1. ## Fredholm Intergral Equation

I need to find a general solution,

$f$ $E [0, \infty)$

for the Fredholm intergral equation:

$f(x) = \gamma cos (x) + \delta sin (x) + \lambda (Mf)(x)$

where $M$ is the intergral operator defined by

$(Mf)(x):= \int_0^{\infty} x^{a-1} e^{-bt} f(t)dt$

Where $a$ and $b$ are postive constants and $\gamma, \delta$ and $\lambda$∈ ℝ constants.

I think, that I have to rewrite it:

$f(x)= \gamma cos (x) + \delta sin (x) + \lambda \int_0^{\infty} x^{a-1} e^{-bt} f(t)dt$

And then assuming that λ is a fixed unknown scalar, and so can be incorporated into the equation as follows:

$f(x)= \gamma cos (x) + \delta sin (x) +\int_0^{\infty} x^{a-1} e^{-bt} f(t)dt$

I'm not sure if this is right, and I don't really understand what to do next, can someone help please?

2. IMHO
The next step after this:
$
f(x)= \gamma cos x + \delta sin x + \lambda \int_0^{\infty} x^{a-1} e^{-bt} f(t)dt
$

is to say: if equation invloved has a solution, its solution can be represented in the following way:
$f(x)=\gamma cos x + \delta sin x+\lambda x^{a-1} C_1$,
where $C_1=\int_0^{\infty} e^{-bt}f(t)dt=\int_0^{\infty} e^{-bt}(\gamma cost + \delta sin t + \lambda t^{a-1} C_1)dt$
Knowing $C_1$ you will find general solution by substituting it into the first equation in this message.

3. ## okay

Thanks, for that, but if I substitute $C_1$ into the first equation, then won't I just be back where I started?

I.e.

Just with $x$ replaced with $t$'s

4. Did you check this?
Note that you have equation for $C_1$ where this stuff takes part in both sides of the equation.

5. Well basically,

if I let $C_1=\int_0^{\infty} e^{-bt}f(t)dt$

and subsitute it into

$f(x)= \gamma cos x + \delta sin x + \lambda \int_0^{\infty} x^{a-1} e^{-bt} f(t)dt$

Then all I get is

$
f(x)=\gamma cos x + \delta sin x+\lambda x^{a-1} C_1
$

And keep going round in circles.

Maybe at this point I need to solve the integral, but I am not sure how to do this?

6. No. Look at this:
You have:
$f(x)= \gamma cos x + \delta sin x + \lambda \int_0^{\infty} x^{a-1} e^{-bt} f(t)dt$
This equation has a solution:
$f(x)=\gamma cos x + \delta sin x+\lambda x^{a-1} C_1$
where $C_1=\int_0^{\infty} e^{-bt}f(t)dt$
Lets find $C_1$ in terms of $\lambda$:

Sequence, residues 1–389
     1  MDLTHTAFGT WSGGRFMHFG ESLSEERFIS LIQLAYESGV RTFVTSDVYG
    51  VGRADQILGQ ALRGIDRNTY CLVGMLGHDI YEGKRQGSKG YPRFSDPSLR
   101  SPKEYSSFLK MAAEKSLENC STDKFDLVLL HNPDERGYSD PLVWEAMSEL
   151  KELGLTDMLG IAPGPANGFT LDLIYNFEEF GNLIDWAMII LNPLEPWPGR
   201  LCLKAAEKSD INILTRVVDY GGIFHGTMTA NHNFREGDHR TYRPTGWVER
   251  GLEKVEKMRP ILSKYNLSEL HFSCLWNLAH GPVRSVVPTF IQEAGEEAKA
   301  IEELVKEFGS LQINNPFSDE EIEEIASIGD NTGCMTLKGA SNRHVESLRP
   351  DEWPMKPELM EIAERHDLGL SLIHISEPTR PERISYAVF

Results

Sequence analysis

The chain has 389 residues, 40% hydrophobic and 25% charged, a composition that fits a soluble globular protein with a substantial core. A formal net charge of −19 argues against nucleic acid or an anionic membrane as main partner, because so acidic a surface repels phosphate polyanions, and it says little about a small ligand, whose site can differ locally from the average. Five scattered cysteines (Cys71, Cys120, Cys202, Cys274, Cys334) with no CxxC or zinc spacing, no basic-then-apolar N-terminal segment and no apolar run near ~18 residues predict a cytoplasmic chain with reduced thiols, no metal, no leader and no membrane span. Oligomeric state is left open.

$C_1=\int_0^{\infty} e^{-bt}f(t)dt=\int_0^{\infty} e^{-bt}(\gamma cost + \delta sin t + \lambda t^{a-1} C_1)dt = I_1 + I_2+ I_3$
$I_1=\gamma \int_0^{\infty} e^{-bt} cost dt = \frac{b \gamma}{b^2+1}$
$I_2=\delta \int_0^{\infty} e^{-bt} sint dt= \frac{\delta}{b^2+1}$
$I_3=-\lambda C_1 K$.
So:
$C_1=\frac{b \gamma + \delta}{b^2+1}-\lambda C_1 K$
$C_1=\frac{b \gamma + \delta}{(b^2+1)(1+\lambda K)}$
if $\lambda$ doesn't equal $-\frac{1}{K}$.
Now you should substitute $C_1$ into
$f(x)=\gamma cos x + \delta sin x+\lambda x^{a-1} C_1$

7. ## Thanks!

Thank you very much that was really helpful!!!

8. ## Fredholm Integral Equation

I need to find a general solution,

$f$ $E [0, \infty)$

for the Fredholm intergral equation:

$f(x) = \gamma cos (x) + \delta sin (x) + \lambda (Mf)(x)$

where $M$ is the intergral operator defined by

$(Mf)(x):= \int_0^{\infty} x^{a-1} e^{-bt} f(t)dt$

Where $a$ and $b$ are postive constants and $\gamma, \delta$ and $\lambda$∈ ℝ constants.

Note that the algebra can be reduced using the Gamma function and standard Laplace Transforms.

I have started a solution to this, which is attached, can anyone tell me if this is all I have to do to get the general solution or is there more, and if so can anyone advise what I do next please?

9. ## My Solution??? Is it correct?

$
f(x) = \gamma cos (x) + \delta sin (x) + \frac{\lambda x^{a-1}(b \gamma + \delta)}{(b^2+1)(1+\lambda K)}
$

I would be really greatful if someone could help so that I could continue on the next part of the question please...